Skip to content

Deletion thinking as tool to make system really loosly coupled

Posted on:August 5, 2022 at 02:05 AM

Improving software design can greatly increase team productivity by allowing developers to refactor easily, propose improvements, and take initiative.

Well-defined interfaces between software modules, such as public classes, methods, endpoints, or events, are crucial for effective communication.

One way to judge if a software module is well-defined is to use deletion thinking, which involves evaluating the number of changes required to remove the module and questioning whether all public interfaces are necessary.

Software Module Deletion Thinking

Module Deletion Thinking Example 1

Module Deletion Thinking Example 2

During the design phase, ask yourself: how many changes will be needed to remove this software piece? Then, analyze each change to see if any publicly exposed implementation details can be rearranged to hide the mechanism’s implementation.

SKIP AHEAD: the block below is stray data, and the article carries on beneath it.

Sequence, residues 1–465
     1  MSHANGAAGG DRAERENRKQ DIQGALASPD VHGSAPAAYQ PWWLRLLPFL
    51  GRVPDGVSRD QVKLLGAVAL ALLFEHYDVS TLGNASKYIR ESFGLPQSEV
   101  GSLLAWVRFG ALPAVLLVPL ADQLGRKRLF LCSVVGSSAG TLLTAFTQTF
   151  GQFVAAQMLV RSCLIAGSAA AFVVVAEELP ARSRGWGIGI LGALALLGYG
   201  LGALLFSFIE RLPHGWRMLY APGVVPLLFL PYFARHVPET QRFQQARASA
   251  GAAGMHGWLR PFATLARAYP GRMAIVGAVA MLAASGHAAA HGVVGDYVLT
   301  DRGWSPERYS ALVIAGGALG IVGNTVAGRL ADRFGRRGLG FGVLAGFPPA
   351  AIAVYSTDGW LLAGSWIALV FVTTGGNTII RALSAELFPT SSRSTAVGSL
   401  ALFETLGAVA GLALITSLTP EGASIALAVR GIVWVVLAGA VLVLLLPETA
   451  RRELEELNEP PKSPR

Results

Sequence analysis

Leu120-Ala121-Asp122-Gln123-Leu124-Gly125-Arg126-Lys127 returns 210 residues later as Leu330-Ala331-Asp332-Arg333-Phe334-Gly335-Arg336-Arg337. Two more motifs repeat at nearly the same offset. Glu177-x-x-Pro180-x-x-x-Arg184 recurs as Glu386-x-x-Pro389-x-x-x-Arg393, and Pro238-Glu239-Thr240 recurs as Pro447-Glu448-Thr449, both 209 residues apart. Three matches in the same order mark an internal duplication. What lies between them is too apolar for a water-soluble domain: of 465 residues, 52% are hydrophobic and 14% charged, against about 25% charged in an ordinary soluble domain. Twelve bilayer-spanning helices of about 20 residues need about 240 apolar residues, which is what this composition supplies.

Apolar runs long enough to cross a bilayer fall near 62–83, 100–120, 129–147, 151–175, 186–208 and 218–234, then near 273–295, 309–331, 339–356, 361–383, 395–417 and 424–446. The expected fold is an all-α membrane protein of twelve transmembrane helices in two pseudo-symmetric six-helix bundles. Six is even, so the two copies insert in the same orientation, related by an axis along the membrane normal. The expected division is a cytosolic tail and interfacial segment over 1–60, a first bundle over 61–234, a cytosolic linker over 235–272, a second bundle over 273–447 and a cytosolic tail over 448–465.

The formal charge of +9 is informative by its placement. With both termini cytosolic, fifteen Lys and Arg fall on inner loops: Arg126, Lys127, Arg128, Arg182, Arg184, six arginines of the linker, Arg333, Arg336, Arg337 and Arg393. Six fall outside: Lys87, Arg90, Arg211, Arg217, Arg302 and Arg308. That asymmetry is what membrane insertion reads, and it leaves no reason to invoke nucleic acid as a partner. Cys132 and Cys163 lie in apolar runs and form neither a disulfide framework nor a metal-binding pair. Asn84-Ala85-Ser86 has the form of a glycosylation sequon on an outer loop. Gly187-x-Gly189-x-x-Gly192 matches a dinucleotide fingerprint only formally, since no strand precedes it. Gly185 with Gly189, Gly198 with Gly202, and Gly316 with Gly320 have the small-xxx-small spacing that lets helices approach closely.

Good architecture is not just about building a structure that stands upright. It’s about creating a design that allows you to easily change or remove parts of it as needed.

To streamline the process of disabling a module, I like to use feature flags during the module dependencies registration (implementation details registrations). By doing so, I can quickly disable a business process or capability. Determine the number of feature flags required to disable a module, much like using deletion thinking.

It’s essential to double-check software design and implementation to ensure it’s robust and efficient. By considering these critical questions during software development, you can create better-designed software.